It Gets Better, BYU

In 2006 a group called Soulforce came to BYU. My memory isn’t good enough to remember exactly what I thought or said at the time, but I do have vague recollections of distrust and annoyance. Who was this group coming to our campus and spreading a message we were never going to believe in? We have a structure and a culture that influences and defines our beliefs, and we didn’t need “the world” telling us how to think and act.

In 2007 BYU made changes to the Honor Code that clarified whether an openly homosexual person can attend. Wonderful progress, but a bit shameful considering the previous wording had people feeling like they had to remain closeted to be part of the student body. Any type of homosexual activity, kissing, holding hands, etc still isn’t allowed (not just on campus, this means that current students can’t participate in such things anywhere, at any time).

In 2010 BYU made another shift to policy, lifting a ban on advocacy of homosexuality. A group called Understanding Same-Gender Attraction was formed, and the beautiful video you see below could be made. Recently BYU allowed a panel discussion comprised of three self-identified homosexual students and one bisexual student. All four students currently attend BYU and were there to share their experiences and beliefs. It makes my heart happy to hear that the event was not only allowed, it was filled to capacity, with all seats taken a half-hour before the event began. This doesn’t mean things are even close to where I’d like them to be, but when I return to BYU one last time this summer I will be interacting with students here and there who feel the same way I do.

They’re looking for change.

Hoping for change.

Advocating for change in large and small ways.

If you are LGBTQ at BYU this Summer term (or heterosexual of course, I don’t discriminate), I want you to know that I would love to be your friend. You can tell me which fro-yo place is the best right now. We Mormons love our frozen yogurt.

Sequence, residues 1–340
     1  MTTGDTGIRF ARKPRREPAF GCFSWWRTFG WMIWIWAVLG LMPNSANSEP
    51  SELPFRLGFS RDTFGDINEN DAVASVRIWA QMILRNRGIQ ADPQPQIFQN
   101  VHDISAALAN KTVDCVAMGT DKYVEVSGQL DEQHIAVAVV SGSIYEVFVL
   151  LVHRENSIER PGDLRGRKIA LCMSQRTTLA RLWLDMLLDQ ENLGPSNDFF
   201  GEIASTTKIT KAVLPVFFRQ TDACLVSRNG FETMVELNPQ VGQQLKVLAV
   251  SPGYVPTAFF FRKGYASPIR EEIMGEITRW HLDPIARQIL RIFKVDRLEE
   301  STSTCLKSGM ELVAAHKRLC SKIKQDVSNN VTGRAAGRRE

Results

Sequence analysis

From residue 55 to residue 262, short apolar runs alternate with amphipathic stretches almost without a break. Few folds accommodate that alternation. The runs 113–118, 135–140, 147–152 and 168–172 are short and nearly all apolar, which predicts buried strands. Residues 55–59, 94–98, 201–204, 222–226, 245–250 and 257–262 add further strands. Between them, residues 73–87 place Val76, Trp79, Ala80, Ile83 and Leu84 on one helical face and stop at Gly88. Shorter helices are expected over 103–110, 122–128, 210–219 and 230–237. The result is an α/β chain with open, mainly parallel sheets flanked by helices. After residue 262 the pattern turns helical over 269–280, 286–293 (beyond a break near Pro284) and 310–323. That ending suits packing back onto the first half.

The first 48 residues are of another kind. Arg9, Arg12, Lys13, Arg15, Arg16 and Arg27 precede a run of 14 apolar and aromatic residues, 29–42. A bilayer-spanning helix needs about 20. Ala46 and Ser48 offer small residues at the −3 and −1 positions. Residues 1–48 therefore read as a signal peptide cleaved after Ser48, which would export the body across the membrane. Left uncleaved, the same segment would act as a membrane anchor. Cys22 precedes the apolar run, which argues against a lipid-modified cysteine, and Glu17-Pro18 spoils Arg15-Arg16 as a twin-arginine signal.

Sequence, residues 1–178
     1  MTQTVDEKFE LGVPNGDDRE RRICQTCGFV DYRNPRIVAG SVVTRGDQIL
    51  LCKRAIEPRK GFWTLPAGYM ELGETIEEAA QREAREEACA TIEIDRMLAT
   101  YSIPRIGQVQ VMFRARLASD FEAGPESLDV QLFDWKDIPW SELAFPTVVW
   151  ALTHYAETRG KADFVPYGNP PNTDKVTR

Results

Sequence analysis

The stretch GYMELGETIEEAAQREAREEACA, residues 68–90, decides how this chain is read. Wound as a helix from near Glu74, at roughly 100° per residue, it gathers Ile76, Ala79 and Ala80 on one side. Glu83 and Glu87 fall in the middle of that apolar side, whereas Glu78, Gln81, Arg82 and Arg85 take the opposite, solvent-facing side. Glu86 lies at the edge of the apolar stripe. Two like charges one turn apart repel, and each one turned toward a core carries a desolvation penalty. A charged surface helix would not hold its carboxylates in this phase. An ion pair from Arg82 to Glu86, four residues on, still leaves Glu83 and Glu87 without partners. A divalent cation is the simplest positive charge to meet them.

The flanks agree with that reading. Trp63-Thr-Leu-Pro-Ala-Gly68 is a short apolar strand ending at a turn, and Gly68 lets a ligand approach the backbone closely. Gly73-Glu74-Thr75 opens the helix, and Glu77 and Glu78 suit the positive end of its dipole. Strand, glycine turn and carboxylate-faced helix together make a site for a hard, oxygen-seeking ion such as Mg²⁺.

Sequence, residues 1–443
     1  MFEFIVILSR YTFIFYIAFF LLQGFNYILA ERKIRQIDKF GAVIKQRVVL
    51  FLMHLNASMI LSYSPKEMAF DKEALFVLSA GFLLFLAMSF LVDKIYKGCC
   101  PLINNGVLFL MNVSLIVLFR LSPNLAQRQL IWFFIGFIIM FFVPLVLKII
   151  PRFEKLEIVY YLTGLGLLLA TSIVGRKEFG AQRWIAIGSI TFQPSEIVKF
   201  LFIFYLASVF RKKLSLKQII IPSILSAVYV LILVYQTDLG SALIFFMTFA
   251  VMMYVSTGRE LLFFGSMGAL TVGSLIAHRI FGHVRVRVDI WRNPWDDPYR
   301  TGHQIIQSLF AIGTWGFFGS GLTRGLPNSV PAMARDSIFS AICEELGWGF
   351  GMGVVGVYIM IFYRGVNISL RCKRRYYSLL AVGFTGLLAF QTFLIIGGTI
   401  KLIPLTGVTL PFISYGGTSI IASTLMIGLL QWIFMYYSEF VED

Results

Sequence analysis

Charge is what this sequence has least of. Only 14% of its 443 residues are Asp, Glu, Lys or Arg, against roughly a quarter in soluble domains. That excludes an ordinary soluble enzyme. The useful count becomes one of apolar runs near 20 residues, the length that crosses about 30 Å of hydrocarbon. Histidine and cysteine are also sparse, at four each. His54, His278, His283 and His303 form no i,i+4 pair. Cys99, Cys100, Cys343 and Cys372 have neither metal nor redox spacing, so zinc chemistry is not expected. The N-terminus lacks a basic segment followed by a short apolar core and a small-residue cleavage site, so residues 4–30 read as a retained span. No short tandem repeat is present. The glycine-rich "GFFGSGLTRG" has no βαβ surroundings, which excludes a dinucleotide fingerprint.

I am a straight ally, and I want to help make it better for everyone, no matter their orientation or belief system.

I didn’t always feel the way I do now, but I’m human, and I change as I stretch and learn and grow. We all change. And we can become better.

28 thoughts on “It Gets Better, BYU

  1. Jenna, this post brought me to tears. You have no idea how happy I am that such negative thoughts CAN change and that LGBTQs are welcome at places they never thought they would be. Thank you.

    MtnGal85 Reply:

    I couldnt put it any better than this… so ‘ditto’ to Julia. 🙂 🙂 🙂

    Hannah Reply:

    You have articulated my feelings exactly. Jenna, I have always been a huge fan of yours, which you know. That being said, some of your options on issues like LGBTQ always rubbed me up the wrong way and I am so proud to see how you have grown.

    I think growth is a wonderful thing. Sometimes if makes your world bigger and sometimes it makes your world smaller(e.g. cutting out a certain food), regardless, it’s been so wonderful to join you along your journey. This post literally brought tears to my eyes and I hope that people looking for a straight ally take up your offer for friendship.

  2. I never comment, though I’m a loyal reader. I’m de-lurking to say that this is hands down, the most beautiful post you’ve ever written. Growth is a wonderful thing.

  3. <3<3<3
    My partner and I saw this the other day, and the first thing I said when we were done drying our tears was, "I wonder if Jenna has seen this!" ha!

    Thanks for posting about this – it's such a moving It Gets Better video.

  4. When I was in college I volunteered with a ministry for high school students. Most of the girls I hung out with were gay, and they knew I didn’t care about their sexuality, I just cared about them. Looking back, I wish I had known acceptance wasn’t enough, and I should have been a more vocal supporter. Lots of other people in the ministry thought it wasn’t OK and got annoyed at me for not telling them that.

    I forwarded one of them this video: the other day. It’s from a well known Catholic priest. And while it’s not the best done video out there, it speaks out against people who tell LGBTQ people they are wrong or bad.